While many people go to seminary and achieve a theology degree before they are ordained, it’s possible for anyone to become ordained. You can become an ordained minister, even if you have no religious affiliation and/or no religious education. Today you can be ordained online, allowing you to officiate weddings, funerals, and many other ceremonies. Here’s a closer look at how you can become an ordained minister.

Check the Laws in Your State

If you’re planning to become an ordained minister online, you need to check the laws in your state, especially if you want to perform weddings. Most states do recognize online ordinations as long as you’re ordained by a recognized organization. However, it’s still a good idea to check the legal requirements governing your specific state.

Look for Websites that Offer Legal Ordinations

Once you’re aware of your local laws, you can begin looking for websites that offer legal ordinations. It’s possible to find non-denominational churches that will ordain individuals of any faith. Other online ordination websites may offer ordinations to individuals of specific faiths. If you’re already active in a specific denomination, check to ensure that being ordained with another group will not affect your standing in your current religion. It’s also important to check out the website, ensuring that it’s not a scam. You should also take time to read each website’s rules, requirements, statement of faith, and the level of support they offer ordained ministers.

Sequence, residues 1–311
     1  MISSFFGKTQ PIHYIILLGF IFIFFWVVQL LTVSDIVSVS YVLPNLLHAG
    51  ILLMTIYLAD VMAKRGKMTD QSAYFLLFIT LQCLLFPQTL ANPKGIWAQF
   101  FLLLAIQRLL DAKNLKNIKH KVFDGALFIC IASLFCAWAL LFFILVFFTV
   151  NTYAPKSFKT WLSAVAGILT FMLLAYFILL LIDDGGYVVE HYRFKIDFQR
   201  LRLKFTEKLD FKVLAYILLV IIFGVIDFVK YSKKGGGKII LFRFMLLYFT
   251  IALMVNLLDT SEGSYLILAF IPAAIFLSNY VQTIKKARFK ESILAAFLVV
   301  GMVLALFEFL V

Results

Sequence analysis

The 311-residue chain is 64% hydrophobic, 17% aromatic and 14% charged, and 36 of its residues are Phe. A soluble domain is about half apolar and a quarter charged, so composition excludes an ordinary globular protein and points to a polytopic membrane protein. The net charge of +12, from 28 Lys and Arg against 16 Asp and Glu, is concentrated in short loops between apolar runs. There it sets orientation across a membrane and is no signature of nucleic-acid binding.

Fill Out the Required Information

Once you find a website that offers online ordinations, you’ll be required to fill out some personal information for your application. In most cases, filling out the application for ordination will only require a few minutes of your time. The application will probably require your full legal name, your mailing address, and a valid email address, although some organizations may require more information. While ordinations are usually free, you may be required to pay a fee for a hard copy of your credentials. It’s important to have a hard copy of your credentials with a seal and original signature. Many counties will also require that you have a letter of good standing before you can perform wedding ceremonies.

Wait for a Response After Applying

After submitting your application, you’ll need to wait for a response. It may take up to 72 hours to receive a response. If you’re application is approved, you’ll usually be provided with the ability to print out your ordination credentials, but you’ll still need a hard copy and a letter of good standing if you plan to perform legal wedding ceremonies. You may be asked to pay for these items.

Before Performing Weddings

Even after you have your official credentials and your letter of good standing, you may need to register as a wedding officiant with the County Clerk. You’ll be required to present your credentials and you may need to complete some additional paperwork to register.

Aside from these options, you can also hire the services of an already-ordained minister such Reverend Maria Romano.